''I am slowly becoming an experienced team player…'
Anish on Spanish Team Championship with his games' annotation
Perhaps I got a bit carried away in the introduction, so I will return to the common chronological order now and tell the things from the start.
We arrived in the city of Melilla, located, in fact, in Africa. I didn't have much time to enjoy the sightseeing, so I will save the precious lecture about the coastal city that combines Moroccan and Spanish culture to those that had, and instead will get to the actual chess tournament.
My team consisted of Cuban Super-GM Dominguez, two French friends with two and one names respectively- Vachier-Lagrave and Romain Edouard, and Spanish players with awesome Spanish names, which I have to shorten a little as this article should have a readable format after all- Grandmasters Salvador Del Rio, Alfonso Romero and Mario Gomes, who all performed very well for the team scoring quite a few important wins.
Our opponents in first rounds were somewhat weaker than us on paper, but as it usually is we hadn't had a single easy match. In the very first round I had to play Krasenkow with the black pieces. Opening with Queen's Indian I was full of ambitions and at some point things seemed to go very right. Yet I overestimated my position, underestimated some ideas of my opponent and by the beginning of the time trouble I realized that it's time to seriously think about saving my skin. I found a reasonable human defense (over the board when I found the idea I thought it was very strong, but as it always is after analyzing your game with computer, the term very strong changes into "reasonable human"), but instead of barely saving I even got a slight hopes after my opponent unnecessarily gave a piece. The position remained drawn almost all the way till the end, but eventually my opponent collapsed, committed a chess suicide and my first win was there. Dominguez managed to win an absolutely lost position against Dreev and an unclear match turned into a nice and convincing victory.
As I tried to complicate my next game with black against Svetushkin in Winaver, it just didn't work. Svetushkin entered a theoretical ending that seemed very promising for black at the first sight, but which was in fact absolutely harmless for white. After few unobvious inaccuracies I ended up in a highly unpleasant position, but with few inaccuracies by my opponent and accuracies from my side I managed to hold the game rather easily. Our team won the match without too many adventures as far as I can remember.
The round 4 was held on the same day, so to limit the damage I decided to open with 1.c4. I was playing white against Aleksandrov and he managed to misplay the opening surprisingly quickly. It's hard to imagine that white can be so winning after like 12 moves in any opening that starts with 1.c4, but it was how it was. I was a little too subtle and positional answering 12...Qg6 with 13.Qd1. The obvious e4 would lead to a winning advantage. Fortunately I still had a huge, this time positional advantage, played the remaining game pretty well and managed to score a convincing way anyway. Our team somehow didn't win this match, as some games saw an unexpected turn around, but those 'turn arounds' are the reason we love our game, aren't they?!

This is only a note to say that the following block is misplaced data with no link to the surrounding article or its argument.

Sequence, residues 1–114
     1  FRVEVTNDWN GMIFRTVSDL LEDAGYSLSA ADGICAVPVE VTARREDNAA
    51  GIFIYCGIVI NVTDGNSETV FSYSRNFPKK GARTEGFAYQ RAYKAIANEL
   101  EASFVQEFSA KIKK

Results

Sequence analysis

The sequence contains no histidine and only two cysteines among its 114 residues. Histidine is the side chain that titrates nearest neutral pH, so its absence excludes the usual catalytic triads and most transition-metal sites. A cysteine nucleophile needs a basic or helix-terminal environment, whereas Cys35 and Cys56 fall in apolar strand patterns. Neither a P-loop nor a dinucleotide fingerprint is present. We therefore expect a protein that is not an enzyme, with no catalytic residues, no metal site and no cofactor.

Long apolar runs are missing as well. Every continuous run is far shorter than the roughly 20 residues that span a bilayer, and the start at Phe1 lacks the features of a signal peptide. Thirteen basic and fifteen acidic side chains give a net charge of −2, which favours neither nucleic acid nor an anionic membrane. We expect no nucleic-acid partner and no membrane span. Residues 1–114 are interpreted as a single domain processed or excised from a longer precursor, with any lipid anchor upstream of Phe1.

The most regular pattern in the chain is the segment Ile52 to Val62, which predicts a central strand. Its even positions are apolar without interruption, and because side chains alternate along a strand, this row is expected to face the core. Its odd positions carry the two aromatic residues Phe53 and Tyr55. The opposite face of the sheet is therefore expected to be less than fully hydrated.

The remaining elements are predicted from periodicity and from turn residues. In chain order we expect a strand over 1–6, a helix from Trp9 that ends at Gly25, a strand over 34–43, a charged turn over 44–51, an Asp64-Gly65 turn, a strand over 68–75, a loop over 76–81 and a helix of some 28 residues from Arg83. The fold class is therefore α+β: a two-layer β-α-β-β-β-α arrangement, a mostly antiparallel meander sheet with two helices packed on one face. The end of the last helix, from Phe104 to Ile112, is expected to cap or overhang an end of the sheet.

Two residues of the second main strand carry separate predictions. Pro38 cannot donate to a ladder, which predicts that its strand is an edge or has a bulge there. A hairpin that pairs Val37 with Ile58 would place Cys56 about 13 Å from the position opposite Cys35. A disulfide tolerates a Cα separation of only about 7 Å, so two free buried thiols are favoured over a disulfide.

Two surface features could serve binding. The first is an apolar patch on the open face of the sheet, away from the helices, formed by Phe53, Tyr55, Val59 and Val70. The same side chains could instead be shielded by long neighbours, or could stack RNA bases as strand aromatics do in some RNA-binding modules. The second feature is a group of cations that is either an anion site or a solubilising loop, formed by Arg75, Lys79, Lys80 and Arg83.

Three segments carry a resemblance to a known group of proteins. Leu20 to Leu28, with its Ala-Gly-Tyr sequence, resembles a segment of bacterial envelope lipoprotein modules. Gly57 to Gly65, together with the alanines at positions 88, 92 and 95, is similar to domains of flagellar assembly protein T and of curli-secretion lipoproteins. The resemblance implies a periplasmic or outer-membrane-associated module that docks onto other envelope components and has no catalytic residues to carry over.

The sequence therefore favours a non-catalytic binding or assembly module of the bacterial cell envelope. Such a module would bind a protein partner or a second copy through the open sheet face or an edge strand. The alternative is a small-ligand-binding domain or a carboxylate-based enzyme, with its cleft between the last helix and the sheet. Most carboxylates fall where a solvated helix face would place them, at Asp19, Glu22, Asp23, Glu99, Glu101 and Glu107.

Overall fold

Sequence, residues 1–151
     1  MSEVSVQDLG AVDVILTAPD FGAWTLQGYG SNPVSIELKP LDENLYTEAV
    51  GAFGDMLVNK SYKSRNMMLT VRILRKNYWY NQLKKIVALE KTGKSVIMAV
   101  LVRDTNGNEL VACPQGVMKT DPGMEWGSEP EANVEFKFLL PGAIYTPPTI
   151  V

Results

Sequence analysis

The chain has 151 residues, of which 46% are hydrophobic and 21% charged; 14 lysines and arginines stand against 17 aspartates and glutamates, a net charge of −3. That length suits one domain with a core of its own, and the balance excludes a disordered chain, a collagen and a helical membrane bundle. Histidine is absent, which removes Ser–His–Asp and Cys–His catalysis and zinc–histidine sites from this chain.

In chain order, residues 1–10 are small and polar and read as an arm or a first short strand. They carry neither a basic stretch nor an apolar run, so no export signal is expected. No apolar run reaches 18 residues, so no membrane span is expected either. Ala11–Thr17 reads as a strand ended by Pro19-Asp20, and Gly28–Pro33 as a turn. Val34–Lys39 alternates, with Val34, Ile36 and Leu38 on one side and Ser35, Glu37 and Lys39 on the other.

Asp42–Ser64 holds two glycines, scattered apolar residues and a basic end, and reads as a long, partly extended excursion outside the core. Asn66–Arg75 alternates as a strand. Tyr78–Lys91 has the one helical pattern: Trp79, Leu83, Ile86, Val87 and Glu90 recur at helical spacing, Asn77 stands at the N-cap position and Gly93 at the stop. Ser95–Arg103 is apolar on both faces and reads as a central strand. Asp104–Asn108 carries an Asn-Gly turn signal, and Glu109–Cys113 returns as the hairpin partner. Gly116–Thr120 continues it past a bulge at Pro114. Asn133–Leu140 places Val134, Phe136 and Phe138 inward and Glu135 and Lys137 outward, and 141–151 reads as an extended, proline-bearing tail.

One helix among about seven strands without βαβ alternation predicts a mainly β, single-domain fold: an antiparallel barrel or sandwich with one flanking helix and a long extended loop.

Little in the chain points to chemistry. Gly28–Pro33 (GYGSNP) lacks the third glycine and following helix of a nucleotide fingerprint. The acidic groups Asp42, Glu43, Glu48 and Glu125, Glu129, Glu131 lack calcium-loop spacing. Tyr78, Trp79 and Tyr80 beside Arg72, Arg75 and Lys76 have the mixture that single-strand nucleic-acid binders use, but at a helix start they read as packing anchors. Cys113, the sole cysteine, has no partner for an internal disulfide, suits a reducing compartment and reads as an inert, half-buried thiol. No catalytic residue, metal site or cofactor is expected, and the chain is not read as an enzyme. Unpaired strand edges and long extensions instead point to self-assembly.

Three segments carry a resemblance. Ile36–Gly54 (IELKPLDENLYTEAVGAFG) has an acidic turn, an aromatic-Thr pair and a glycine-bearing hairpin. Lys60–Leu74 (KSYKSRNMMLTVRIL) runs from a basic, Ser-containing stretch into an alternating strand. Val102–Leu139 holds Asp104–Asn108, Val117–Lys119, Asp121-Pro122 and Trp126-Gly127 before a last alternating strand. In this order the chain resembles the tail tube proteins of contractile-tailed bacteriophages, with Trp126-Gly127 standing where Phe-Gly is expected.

Negi-Giri (click the arrows for the game annotation)
My next game was just calling for a win as another 50 percent score seemed rather dramatic, so I spent the whole evening before the rest day eagerly trying to find a win in the Italian game. Eventually I came pretty close and in my game against Etienne Bacrot I got a more or less decisive advantage out of the opening which was a healthy pawn and a healthy hour more. Yet it was very hard to make progress in the position and eventually it even started to look as if I am not going to make it anymore.
Fortunately, at some point my opponent allowed a nice regrouping of my pieces and after that it went very easy and smooth. What also stimulated me was that at some point, around after-the time trouble phase, my teammates came to me and told me that I shouldn't lose the game and that a draw is a good result. This was a huge motivation and fortunately after the game the Frenchman with two names apologized for his lack of trust in me.
Giri-Bacrot (click the arrows for the game annotation)
After all my uncompromising Spanish adventures ended with a modest +1, the ELO win was the modest -1 point, so everything was balanced again.
At the end we shared the first place, remained unbeaten and have beaten the winner. What can be better would you ask? I can answer- to be the actual winner!
Well, hopefully that's for the next time.